Advantageously, as discussed above for the sender, the method of the first and the second aspect facilitate secure IP transactions between a sender and a recipient, irrespective of whether IPv4 or IPv6 standards are used. The method as implemented by the recipient enables identifying and processing digital asset transactions to a network address in an asynchronous or non-interactive manner. Thus, advantageously the sender and the recipient do not have to be online or communicatively coupled to each other in order to process the transaction. Once it is provided to the distributed ledger, the recipient can query and process the transactions that are meant for it based on the above discussed method at any given time.

In some embodiments, the step of querying or monitoring the distributed ledger includes querying or monitoring for one or more UTXOs associated with the network identifier and/or a payment destination address of the recipient. Advantageously, this embodiment enables the transactions that are meant for a given recipient to be easily identified among a plurality of all other transactions written into the distributed ledger.

In some embodiments, the step of calculating the private key for the detected UTXO comprises obtaining or using a private key V1 associated with the recipient, this private key being part of a cryptographic key pair associated with the public key P1 of the recipient. As the method is implemented by the recipient, the private key V1 will be available for either encryption and/or decryption in combination with the public key P1 . The method then includes computing the private key V2 for the given transaction based on the private key V1 of the recipient and a hash of a data item M associated with the given transaction, the data item M relating to the digital asset.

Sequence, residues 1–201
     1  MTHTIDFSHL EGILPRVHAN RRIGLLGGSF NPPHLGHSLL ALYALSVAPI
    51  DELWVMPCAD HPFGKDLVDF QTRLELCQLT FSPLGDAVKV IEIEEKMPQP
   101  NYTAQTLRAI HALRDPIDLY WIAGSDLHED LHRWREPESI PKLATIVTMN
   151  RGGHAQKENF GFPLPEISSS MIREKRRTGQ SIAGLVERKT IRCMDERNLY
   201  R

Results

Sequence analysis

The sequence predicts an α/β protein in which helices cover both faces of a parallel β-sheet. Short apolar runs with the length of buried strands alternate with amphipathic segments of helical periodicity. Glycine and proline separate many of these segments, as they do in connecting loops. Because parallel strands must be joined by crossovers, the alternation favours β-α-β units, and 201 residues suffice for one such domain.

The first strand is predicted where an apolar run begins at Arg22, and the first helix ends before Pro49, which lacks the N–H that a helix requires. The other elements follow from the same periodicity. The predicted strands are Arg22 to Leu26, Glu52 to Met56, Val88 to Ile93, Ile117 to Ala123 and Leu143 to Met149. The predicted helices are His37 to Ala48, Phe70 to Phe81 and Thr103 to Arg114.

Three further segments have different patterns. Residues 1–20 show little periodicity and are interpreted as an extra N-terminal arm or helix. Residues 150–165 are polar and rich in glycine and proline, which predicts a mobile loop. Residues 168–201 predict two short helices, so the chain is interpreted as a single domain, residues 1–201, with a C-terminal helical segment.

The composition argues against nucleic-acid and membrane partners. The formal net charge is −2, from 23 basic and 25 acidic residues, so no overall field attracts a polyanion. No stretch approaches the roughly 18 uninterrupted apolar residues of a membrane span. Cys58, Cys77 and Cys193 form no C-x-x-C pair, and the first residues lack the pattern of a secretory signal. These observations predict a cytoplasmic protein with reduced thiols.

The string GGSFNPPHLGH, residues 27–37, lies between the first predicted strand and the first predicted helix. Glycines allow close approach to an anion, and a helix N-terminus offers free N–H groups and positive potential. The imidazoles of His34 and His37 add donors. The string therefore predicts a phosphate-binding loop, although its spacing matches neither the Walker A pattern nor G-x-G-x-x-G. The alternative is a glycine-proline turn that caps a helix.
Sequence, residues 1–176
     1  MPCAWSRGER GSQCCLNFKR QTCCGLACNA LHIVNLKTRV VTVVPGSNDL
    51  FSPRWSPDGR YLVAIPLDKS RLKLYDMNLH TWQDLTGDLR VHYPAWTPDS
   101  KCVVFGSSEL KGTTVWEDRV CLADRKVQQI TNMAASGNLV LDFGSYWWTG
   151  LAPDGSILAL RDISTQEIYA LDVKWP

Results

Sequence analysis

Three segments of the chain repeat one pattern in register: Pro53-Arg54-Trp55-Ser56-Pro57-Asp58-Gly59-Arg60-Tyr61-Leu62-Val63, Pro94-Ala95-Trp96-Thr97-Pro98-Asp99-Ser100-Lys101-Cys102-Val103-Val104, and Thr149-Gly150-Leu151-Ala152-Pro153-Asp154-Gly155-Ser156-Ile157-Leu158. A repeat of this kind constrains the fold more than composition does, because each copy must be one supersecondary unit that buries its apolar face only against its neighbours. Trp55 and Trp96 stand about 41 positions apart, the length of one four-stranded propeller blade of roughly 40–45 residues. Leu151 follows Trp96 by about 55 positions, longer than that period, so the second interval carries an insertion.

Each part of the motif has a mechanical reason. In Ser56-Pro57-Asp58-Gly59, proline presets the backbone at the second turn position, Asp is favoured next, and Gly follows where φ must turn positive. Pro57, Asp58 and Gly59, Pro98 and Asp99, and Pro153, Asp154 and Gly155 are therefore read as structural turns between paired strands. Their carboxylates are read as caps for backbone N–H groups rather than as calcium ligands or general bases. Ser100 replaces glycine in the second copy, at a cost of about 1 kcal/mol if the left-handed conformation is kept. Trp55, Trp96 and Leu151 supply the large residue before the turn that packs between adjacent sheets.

In some embodiments implemented by the recipient, the step of querying or monitoring the distributed ledger comprises monitoring the distributed ledger for one or more non-spendable outputs associated with the recipient, the one or more non -spendable outputs related to the detected UTXO. Advantageously, as mentioned above, the presence of such non spendable

outputs such as the OP-RETURN output, facilitates identification of one or more UTXOs with spendable outputs for the recipient.

In some embodiments, the one of more UTXOs are provided to the distributed ledger by the sender according to the method as implemented by the sender in a non-interactive or asynchronous manner, as discussed above for the first and the second aspects.

In some embodiments, the method as implemented by a recipient for the first and second aspects includes the steps of calculating a session key K, wherein the session key is based on the public key and private key (for instance, these are the further calculated public key P2 for a transaction, and the associated private key V2 indicated above) associated with the given transaction, and a public key P1 associated with the recipient. The step of executing one or more output scripts includes decrypting the data item M associated with the given transaction in the one or more output scripts using the session key K1 , the data item M relating to the digital asset.

Advantageously, the above discussed embodiments serve to increase the privacy of the data included in transactions that are provided to the distributed ledger by the sender for the recipient. This advantageously further increases the security of IP transactions involving digital assets by using specifically calculated session keys to decrypt a portion of the data that has been encrypted using the same or a corresponding session key when sent by the sender.